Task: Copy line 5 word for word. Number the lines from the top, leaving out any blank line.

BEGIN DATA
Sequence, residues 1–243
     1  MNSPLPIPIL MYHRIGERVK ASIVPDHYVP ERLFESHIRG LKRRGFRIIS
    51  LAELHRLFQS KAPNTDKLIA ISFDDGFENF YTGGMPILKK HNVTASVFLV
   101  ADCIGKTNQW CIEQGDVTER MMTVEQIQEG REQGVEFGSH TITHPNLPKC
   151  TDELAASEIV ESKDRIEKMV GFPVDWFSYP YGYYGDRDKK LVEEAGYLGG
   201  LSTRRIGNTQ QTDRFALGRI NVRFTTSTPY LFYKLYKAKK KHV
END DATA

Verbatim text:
   151  TDELAASEIV ESKDRIEKMV GFPVDWFSYP YGYYGDRDKK LVEEAGYLGG